Sunday, November 22, 2009

Holiday Ease (Part 1)

During a recent discussion about the upcoming holiday season, one of my dearest friends mentioned the stress that always seems to befall her this time of year. “The shopping, the cooking, traveling, planning outfits for parties and dinners….it’s just too much!” she proclaimed. I agreed with her, of course – it is too much.

It doesn’t have to be, though.

Through sheer determination and trial and error, I’ve discovered a few tricks that can make for a hassle-free holiday:

Early online shopping
My family and I post wish lists on and other websites. That way, we know what to get each other, and we can relay what we’d like to have (it’s a much more refined way of saying, “Buy this for me, please.”)

Do consider gifts that keeps on giving. proved to be a big hit with my mother last Christmas (she receives a couple of bottles from around the world each month). Magazine subscriptions are also a nice option.

Fabulously easy feasts
Unless you enjoy spending most of the season in the kitchen, I encourage you to consider catering Thanksgiving and Christmas dinner. Many restaurants and grocery stores offer some sort of prepared fare at reasonable prices. I’m not allowed in the kitchen, so this is a necessity in the Newman house.

Mr. Kent and I travel a great deal during the year, and we’ve finally reached that comfortable position of letting family know we’ll spend the season at home, and those who wish to join us are more than welcome to do so. No more “We spent last year with your mother, so this year we must visit my folks…”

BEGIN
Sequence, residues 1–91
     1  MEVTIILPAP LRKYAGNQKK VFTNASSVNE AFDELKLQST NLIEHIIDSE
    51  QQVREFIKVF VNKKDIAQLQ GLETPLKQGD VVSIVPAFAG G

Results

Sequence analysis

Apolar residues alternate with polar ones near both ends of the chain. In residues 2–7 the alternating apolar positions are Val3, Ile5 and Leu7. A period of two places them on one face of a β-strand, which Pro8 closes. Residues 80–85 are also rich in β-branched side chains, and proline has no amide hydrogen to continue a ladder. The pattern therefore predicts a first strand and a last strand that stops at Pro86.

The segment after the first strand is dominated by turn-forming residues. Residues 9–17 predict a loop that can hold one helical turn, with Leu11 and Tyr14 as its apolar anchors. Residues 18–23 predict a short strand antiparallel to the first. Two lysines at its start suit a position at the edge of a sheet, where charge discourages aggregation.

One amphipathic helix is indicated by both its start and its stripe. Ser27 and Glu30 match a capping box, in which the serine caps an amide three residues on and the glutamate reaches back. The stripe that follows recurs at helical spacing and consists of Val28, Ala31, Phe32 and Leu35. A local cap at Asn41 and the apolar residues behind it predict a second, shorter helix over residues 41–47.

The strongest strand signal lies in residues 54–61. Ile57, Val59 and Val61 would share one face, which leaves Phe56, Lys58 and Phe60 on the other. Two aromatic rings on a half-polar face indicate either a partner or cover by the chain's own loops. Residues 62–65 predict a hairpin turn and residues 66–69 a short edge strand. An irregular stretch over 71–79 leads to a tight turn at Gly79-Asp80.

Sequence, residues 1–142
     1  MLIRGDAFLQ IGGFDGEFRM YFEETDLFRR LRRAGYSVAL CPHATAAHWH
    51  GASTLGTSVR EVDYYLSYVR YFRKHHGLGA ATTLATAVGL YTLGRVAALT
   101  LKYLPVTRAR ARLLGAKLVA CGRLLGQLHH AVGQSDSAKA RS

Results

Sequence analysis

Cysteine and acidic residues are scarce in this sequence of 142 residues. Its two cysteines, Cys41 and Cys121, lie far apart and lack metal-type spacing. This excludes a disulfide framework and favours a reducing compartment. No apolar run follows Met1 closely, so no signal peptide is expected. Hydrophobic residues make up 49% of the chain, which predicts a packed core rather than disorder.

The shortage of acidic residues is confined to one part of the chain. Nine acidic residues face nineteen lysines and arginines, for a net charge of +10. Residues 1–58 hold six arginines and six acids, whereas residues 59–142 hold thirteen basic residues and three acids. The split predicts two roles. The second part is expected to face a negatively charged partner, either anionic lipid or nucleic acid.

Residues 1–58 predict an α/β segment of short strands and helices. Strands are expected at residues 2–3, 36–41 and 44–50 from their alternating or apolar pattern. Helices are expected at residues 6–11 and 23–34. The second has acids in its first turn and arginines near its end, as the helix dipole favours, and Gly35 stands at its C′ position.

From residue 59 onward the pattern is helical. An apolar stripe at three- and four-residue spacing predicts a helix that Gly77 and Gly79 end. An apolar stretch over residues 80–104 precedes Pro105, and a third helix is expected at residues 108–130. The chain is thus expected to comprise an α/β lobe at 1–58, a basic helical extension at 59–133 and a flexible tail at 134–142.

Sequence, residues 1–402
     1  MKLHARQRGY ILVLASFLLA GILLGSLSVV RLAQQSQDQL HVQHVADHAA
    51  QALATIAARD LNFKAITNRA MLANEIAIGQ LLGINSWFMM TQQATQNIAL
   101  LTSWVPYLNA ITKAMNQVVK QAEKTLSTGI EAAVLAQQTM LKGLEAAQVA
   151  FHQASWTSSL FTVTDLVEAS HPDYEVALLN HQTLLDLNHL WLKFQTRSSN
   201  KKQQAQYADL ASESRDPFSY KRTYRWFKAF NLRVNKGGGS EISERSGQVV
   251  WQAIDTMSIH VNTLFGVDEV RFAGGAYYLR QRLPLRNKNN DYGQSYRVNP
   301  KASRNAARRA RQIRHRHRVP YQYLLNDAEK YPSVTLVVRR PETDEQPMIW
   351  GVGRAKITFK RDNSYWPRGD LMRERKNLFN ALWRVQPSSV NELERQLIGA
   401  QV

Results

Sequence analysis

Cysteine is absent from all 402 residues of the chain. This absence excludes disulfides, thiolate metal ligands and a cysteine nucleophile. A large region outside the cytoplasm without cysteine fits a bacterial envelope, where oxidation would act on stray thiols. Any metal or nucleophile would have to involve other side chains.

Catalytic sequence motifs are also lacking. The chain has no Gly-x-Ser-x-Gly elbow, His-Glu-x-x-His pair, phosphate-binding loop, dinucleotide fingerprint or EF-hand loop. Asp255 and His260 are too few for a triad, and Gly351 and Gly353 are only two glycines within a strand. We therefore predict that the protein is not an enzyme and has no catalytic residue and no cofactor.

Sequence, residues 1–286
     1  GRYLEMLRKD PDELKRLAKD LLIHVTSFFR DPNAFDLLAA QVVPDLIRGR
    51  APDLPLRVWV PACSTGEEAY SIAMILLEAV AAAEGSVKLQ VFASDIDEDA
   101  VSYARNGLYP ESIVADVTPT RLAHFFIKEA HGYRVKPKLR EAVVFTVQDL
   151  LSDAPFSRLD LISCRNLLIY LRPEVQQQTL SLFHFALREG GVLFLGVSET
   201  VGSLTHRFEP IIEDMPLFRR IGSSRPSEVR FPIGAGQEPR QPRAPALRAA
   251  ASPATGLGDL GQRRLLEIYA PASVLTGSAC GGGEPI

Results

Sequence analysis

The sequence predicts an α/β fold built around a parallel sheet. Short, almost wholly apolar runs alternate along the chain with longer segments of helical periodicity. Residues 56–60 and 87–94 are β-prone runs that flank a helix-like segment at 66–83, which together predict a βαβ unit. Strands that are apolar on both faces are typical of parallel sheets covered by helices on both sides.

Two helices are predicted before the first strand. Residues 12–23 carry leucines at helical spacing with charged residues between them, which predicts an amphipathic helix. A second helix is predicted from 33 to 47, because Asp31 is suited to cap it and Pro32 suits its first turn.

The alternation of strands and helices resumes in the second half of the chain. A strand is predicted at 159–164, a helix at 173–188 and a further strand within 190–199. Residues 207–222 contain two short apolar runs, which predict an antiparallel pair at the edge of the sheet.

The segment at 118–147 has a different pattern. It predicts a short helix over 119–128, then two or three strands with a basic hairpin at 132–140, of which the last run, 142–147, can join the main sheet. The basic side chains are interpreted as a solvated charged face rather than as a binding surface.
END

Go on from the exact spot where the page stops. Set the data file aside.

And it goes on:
If this isn’t an option for you (loved ones unable to travel, etc.), please realize this: December 25 is merely a date; the spirit of the season can fall wherever you chose. I knew a woman whose daughter was stationed in Iraq during the holidays. When the daughter returned on leave – in June- the family celebrated Christmas then, complete with a tree, wrapped gifts, the works.

The point is to work around various schedules, and to make time whenever you can for stress-free family visits.

Party Frocks
If you don’t know yet what you’re wearing to holiday parties, decide now. It will save you a tremendous amount of agitation to already have your outfit in place. Remember, too, that you need not accept every party invitation – this will certainly help in the wardrobe department. I learned this the hard way a few years ago, so I now limit myself to one Christmas bash hosted by friends, the bash Mr. Kent and I host each year, New Year’s Eve, and my birthday, which falls right after the new year. That’s only four party frocks I’ll need. I will be wearing three from previous seasons, and one new splurge that I’ve yet to find.

A carefree holiday season can exist. It just requires careful planning and going easy on oneself. It is the most wonderful time of the year - enjoy!

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